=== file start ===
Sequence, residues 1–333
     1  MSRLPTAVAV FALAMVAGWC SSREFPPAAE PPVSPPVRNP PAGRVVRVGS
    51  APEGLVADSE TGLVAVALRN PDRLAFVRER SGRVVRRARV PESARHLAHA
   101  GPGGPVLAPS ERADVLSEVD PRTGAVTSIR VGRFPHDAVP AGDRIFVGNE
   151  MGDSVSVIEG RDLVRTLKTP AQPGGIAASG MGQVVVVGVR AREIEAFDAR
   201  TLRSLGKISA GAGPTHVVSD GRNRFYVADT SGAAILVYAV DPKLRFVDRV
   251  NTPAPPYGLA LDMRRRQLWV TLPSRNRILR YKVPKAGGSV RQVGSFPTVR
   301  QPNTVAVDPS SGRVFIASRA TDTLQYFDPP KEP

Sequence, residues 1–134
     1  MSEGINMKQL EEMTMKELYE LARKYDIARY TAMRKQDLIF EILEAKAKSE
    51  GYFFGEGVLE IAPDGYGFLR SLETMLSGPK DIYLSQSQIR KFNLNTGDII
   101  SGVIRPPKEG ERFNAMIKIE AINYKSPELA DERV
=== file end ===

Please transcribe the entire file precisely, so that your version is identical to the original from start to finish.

Sequence, residues 1–333
     1  MSRLPTAVAV FALAMVAGWC SSREFPPAAE PPVSPPVRNP PAGRVVRVGS
    51  APEGLVADSE TGLVAVALRN PDRLAFVRER SGRVVRRARV PESARHLAHA
   101  GPGGPVLAPS ERADVLSEVD PRTGAVTSIR VGRFPHDAVP AGDRIFVGNE
   151  MGDSVSVIEG RDLVRTLKTP AQPGGIAASG MGQVVVVGVR AREIEAFDAR
   201  TLRSLGKISA GAGPTHVVSD GRNRFYVADT SGAAILVYAV DPKLRFVDRV
   251  NTPAPPYGLA LDMRRRQLWV TLPSRNRILR YKVPKAGGSV RQVGSFPTVR
   301  QPNTVAVDPS SGRVFIASRA TDTLQYFDPP KEP

Sequence, residues 1–134
     1  MSEGINMKQL EEMTMKELYE LARKYDIARY TAMRKQDLIF EILEAKAKSE
    51  GYFFGEGVLE IAPDGYGFLR SLETMLSGPK DIYLSQSQIR KFNLNTGDII
   101  SGVIRPPKEG ERFNAMIKIE AINYKSPELA DERV